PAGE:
Vitamin D is good for you, but what does it actually do?

Millions of Brits wrongly think you can get vitamin D through your clothes, while wearing sunscreen or when sat indoors by a glass window – instead of from simply spending time outside in the sunshine.

A poll of 2,000 adults, found half know that vitamin D is ‘good for you’ – but don’t actually know what it does and how important it is.

And while 74 per cent are aware you can get vitamin D by going out in the sun, only 36 per cent know you can also get it by eating oily fish, while just one in 10 named cheese as a good food source.

Others incorrectly believe you can get useable levels of vitamin D from a sunbed or from fake tan.

The study, commissioned by Vitabiotics’ Ultra Vitamin D also found 32 per cent of participants have no idea which vitamins and minerals their body needs to function properly, with many confused about the right foods to eat to boost zinc, vitamin C and calcium levels.

The findings come after the NHS encouraged people to take a vitamin D supplement due to fears the lockdown may mean people staying indoors aren’t getting what they need from sunlight.

As such the UK Department of Health now recommends that everybody takes a daily supplement containing 10μg of vitamin D to contribute to maintenance of normal bones and muscle function.

Vitamin D also contributes to the normal function of the immune system.

A spokesman for Vitabiotics, said: “There are still myths and misconceptions around vitamin D – which means people may not be getting all that they need.

“Over the last two decades vitamin D has become widely understood to play a role in a huge range of areas, from the immune system to muscle function, and of course strong bones, and our requirements are much higher than previously understood.”

The study also found almost one in four believe cow’s milk in the UK is considered to be a good source of vitamin D, however, this is incorrect due to it not being fortified, unlike in some other countries.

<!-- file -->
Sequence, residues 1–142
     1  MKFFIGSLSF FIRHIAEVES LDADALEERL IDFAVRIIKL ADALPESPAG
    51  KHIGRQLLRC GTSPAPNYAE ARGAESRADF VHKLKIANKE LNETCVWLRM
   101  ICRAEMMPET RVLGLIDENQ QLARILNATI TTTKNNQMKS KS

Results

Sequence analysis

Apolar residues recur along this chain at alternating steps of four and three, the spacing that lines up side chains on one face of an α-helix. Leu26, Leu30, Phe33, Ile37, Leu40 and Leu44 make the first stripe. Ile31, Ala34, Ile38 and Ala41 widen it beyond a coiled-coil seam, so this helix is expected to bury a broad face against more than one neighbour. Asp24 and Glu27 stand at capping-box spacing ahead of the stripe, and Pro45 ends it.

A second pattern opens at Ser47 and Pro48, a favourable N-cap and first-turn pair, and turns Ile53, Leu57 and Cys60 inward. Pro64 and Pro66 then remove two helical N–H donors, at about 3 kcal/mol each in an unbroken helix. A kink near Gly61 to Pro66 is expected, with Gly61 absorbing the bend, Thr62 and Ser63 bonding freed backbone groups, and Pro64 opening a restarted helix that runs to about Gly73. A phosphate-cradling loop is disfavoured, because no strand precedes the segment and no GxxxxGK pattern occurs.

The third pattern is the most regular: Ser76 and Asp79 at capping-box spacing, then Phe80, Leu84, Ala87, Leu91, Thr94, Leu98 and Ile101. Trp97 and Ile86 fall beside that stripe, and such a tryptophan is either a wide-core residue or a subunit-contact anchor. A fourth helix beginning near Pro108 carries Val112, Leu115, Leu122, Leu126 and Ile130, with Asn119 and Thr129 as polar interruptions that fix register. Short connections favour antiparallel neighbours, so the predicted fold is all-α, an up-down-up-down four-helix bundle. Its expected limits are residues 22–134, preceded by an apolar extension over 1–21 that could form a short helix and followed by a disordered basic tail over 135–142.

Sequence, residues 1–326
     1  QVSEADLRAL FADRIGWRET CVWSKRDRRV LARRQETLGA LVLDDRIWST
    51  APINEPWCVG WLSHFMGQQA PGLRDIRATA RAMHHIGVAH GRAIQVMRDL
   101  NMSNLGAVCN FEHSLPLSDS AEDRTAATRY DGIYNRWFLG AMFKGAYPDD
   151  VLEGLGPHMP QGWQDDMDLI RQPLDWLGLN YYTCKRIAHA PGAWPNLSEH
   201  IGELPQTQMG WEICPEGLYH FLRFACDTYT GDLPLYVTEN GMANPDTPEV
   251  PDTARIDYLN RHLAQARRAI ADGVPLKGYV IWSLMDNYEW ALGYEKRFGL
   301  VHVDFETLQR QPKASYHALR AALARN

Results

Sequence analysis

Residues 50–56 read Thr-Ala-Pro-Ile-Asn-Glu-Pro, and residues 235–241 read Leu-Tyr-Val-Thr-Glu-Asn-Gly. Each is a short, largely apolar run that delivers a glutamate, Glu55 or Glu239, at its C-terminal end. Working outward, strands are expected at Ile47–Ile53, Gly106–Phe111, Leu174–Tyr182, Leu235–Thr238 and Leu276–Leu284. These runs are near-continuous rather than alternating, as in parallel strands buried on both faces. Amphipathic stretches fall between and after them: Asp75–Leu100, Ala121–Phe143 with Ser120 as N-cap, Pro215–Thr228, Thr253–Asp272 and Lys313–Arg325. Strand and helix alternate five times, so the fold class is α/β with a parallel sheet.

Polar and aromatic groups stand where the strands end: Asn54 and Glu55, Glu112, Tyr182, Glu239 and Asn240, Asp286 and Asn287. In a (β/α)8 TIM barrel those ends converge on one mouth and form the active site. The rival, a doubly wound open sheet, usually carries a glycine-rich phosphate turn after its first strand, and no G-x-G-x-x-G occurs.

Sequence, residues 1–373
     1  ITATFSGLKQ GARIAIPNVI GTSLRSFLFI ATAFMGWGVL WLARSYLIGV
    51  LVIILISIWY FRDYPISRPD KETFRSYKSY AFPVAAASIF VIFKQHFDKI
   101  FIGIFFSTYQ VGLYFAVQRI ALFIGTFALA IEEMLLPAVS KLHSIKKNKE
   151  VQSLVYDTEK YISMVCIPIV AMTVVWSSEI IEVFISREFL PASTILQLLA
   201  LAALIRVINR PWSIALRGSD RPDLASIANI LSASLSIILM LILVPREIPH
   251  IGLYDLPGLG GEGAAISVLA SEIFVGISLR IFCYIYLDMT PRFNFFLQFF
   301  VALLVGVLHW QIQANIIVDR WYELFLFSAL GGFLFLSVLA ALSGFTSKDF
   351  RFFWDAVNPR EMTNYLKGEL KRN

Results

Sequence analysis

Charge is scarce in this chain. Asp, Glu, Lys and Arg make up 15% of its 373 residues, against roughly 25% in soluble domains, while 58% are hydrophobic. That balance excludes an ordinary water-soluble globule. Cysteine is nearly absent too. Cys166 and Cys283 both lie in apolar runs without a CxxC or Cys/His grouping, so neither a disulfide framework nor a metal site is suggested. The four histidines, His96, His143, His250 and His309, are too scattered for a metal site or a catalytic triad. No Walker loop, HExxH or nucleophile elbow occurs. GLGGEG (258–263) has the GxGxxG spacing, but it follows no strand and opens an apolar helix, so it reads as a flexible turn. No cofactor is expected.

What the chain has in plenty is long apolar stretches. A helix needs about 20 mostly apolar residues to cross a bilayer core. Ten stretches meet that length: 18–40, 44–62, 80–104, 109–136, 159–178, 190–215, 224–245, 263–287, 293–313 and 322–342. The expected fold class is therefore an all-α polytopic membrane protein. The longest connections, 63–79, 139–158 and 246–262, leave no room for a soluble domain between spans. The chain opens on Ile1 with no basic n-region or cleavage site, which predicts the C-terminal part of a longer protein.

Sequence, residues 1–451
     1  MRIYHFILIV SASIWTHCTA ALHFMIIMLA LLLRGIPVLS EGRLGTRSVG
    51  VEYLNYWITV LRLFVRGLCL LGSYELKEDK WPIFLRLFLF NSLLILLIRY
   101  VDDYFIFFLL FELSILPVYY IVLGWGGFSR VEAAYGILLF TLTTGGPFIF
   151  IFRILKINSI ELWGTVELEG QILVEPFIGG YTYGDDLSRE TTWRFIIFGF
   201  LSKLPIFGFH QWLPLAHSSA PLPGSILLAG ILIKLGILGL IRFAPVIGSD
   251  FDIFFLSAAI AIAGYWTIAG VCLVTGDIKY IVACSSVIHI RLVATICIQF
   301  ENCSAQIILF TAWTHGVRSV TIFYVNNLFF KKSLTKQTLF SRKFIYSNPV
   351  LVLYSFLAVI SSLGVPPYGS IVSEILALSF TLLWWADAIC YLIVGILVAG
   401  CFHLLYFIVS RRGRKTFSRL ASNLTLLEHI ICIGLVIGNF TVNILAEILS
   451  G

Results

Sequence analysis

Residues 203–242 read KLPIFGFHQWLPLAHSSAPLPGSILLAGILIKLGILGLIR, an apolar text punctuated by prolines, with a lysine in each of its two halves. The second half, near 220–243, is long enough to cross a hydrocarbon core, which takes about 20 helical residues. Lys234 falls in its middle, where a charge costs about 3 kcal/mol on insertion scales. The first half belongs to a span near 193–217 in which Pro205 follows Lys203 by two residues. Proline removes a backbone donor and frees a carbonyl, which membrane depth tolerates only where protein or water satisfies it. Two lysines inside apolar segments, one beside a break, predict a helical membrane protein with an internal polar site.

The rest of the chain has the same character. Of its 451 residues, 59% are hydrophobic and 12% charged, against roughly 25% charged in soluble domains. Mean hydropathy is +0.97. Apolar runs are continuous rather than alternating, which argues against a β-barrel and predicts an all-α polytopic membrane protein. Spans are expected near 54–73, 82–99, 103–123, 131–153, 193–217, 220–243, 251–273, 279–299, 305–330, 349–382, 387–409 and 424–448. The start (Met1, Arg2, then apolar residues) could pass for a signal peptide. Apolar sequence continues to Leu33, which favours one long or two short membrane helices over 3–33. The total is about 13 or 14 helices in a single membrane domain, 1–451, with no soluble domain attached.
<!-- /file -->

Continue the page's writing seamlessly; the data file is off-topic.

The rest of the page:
Almost six in 10 were unaware the sunlight in the UK doesn’t contain enough UVB radiation – needed to make vitamin D – during the winter months.

And one in twenty thought you could boost your levels of the vitamin from fake tan.

One in five also incorrectly believed you could get enough vitamin D from a sunbed with just 31 per cent aware that sunscreen can prevent you from making it.

More than a quarter think that sitting indoors, by a closed window, allows vitamin D to be made by the body, but the glass actually blocks the rays needed for this to happen.

And 57 per cent had no idea sunlight needs to be absorbed by skin which isn’t covered with clothes, in order to make vitamin D.

It also emerged that half didn’t know the amount of vitamin D needed changes depending on your skin colour.

One in four didn’t know that the vitamin can be good for boosting your immune system while 20 per cent were unaware of its role in absorbing calcium from your diet.

But half worry about the amount of vitamin D they get, with 67 per cent of adults admitting they have days where they don’t get out into direct sunlight at all.

And for a tenth of those polled, via OnePoll, this can happen on as many as four days a week.

As a result, only 46 per cent think they get enough vitamin D each day.

Almost half (48 per cent) have also made a conscious effort to boost their vitamin D levels, with four in 10 more aware of it now the lockdown has forced them to spend longer than usual indoors.

A spokesman for Vitabiotics’ Ultra Vitamin D, added: “What’s most encouraging is that so many people are now taking steps to increase their vitamin D levels.

“With the Department of Health now recommending everyone in the UK considers taking a supplement, this positive health move is set to continue.”

How well do you know your vitamin D? Take the quiz to test your knowledge here.

About lyndahamiltonparker 397 Articles
Lynda Hamilton Parker is a Scottish PR expert and independent publisher

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